Moral Flexibility

Anna Ruzicka Honorbound

Aristotle says “where there is an end beyond the act, there the result is better than the exercise of the faculty.” [1] This means that the action does not have to be good, as long as the end result is good. However, the Catholic Church teaching from our morality class tells us that the action or end result itself is not good unless the object, intention, and circumstance are each good as well. 

Is this necessarily true, or are some bad actions worth their good outcomes, as Aristotle explains? For example, in Victor Hugo’s Les Miserables, Jean valJean steals a loaf of bread to keep his family from starving and is sentenced to  years in jail. Should valJean have followed the law and let his family starve?

Aristotle would assert that although Valjean violated the “faculty” of law by stealing a loaf of bread, his actions stand morally sound because it prevented his family from starving. However, if the law allowed Valjean to go without punishment to save his family but condemned a thief who stole goods for his own purposes, the state overall would be corrupt. In response to this, Aristotle states, “the good of the state seems a grander and more perfect thing to both attain and to secure” [2]. This statement would put Aristotle on the side of Javert and the French Government. However, a truly just society must find a middle ground between these two moral extremes.

While both of Aristotle’s theories are sound, it is difficult to bring both of them to action in a real society. Aristotle also responds to this; “the things that are noble and just (with which Politics deals) are so various and so uncertain, that some think these are merely conventional and not natural distinctions” [3]. Therefore, it is impossible to have a truly just government under rigid laws when it is impossible to know what is distinctly good or bad, moral or immoral, and legal or illegal.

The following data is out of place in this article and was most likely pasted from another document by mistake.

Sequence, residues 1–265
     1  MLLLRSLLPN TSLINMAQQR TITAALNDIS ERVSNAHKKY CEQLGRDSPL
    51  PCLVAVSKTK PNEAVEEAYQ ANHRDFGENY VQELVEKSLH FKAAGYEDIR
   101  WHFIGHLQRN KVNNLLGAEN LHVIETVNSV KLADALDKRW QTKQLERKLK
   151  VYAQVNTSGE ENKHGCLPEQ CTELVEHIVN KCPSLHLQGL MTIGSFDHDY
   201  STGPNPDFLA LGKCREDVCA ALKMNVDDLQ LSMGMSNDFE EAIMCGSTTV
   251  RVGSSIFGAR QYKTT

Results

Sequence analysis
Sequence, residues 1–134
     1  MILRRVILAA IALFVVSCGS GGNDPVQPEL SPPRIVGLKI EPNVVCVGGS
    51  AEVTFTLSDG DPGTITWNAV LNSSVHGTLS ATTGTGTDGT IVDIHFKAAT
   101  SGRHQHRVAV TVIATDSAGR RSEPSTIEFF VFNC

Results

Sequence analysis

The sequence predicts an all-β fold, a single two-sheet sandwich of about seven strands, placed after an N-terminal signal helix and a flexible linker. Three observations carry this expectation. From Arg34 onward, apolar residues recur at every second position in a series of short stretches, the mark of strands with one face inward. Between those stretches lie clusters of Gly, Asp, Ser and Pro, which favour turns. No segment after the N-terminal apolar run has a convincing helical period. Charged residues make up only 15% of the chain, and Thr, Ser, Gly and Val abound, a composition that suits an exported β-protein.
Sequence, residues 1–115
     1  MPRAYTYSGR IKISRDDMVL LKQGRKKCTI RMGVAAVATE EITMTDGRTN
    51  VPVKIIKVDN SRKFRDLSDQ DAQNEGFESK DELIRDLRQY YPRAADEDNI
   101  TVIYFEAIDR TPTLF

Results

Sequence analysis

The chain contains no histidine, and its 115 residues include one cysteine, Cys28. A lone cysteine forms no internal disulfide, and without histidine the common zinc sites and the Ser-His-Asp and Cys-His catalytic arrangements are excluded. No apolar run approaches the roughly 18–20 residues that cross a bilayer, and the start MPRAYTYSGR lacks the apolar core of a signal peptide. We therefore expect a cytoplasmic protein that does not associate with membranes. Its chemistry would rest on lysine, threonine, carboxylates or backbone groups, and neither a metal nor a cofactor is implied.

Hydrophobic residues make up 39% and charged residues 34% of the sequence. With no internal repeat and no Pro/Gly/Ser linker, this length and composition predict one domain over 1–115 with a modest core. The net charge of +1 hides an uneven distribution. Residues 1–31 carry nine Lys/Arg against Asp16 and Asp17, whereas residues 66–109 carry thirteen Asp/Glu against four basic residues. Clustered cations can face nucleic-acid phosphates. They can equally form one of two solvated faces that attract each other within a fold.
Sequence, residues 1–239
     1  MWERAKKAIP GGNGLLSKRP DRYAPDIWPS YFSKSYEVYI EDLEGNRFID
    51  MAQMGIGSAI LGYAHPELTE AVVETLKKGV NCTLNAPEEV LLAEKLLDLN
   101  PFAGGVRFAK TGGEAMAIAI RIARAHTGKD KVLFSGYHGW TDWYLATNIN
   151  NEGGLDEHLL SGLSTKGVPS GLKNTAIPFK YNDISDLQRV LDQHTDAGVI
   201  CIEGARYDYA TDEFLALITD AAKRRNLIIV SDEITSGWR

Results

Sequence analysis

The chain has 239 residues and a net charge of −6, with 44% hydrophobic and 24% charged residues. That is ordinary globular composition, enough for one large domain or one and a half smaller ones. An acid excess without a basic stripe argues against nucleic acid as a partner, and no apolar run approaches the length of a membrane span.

This problem still remains prevalent in today’s society, as it did in that of Hugo’s novel. There are still some actions that cannot be justified, as Aristotle admits when he says, “it is not all actions nor all passions that admit of moderation; there are some whose very name imply badness, as malevolence, shamelessness, envy, and among such acts adultery, theft, murder” [4]. Therefore, it may be impossible overall for a government to rule justly over all of its citizens.

In order to achieve true justice, the government must strive to combine Aristotle’s principles with the morality of the real world, judging the circumstances and outcomes of each distinct case, building a more perfect republic one law at a time.


[1] Aristotle. The Nicomachean ethics. Cambridge: Harvard University Press, 1999. Book 1 Chapter 1.

[2] Aristotle. The Nicomachean ethics. Cambridge: Harvard University Press, 1999. Book 1 Chapter 2.

[3] Aristotle. The Nicomachean ethics. Cambridge: Harvard University Press, 1999. Book 1 Chapter 3.

[4] Aristotle. The Nicomachean ethics. Cambridge: Harvard University Press, 1999. Book 2 Chapter 6.

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